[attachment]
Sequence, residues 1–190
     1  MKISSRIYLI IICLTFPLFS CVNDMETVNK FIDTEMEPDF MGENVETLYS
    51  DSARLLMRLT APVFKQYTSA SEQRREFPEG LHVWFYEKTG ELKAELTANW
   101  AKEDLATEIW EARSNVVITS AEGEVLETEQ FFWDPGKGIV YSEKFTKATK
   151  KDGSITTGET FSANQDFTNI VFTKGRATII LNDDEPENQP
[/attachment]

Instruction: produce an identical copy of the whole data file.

Sequence, residues 1–190
     1  MKISSRIYLI IICLTFPLFS CVNDMETVNK FIDTEMEPDF MGENVETLYS
    51  DSARLLMRLT APVFKQYTSA SEQRREFPEG LHVWFYEKTG ELKAELTANW
   101  AKEDLATEIW EARSNVVITS AEGEVLETEQ FFWDPGKGIV YSEKFTKATK
   151  KDGSITTGET FSANQDFTNI VFTKGRATII LNDDEPENQP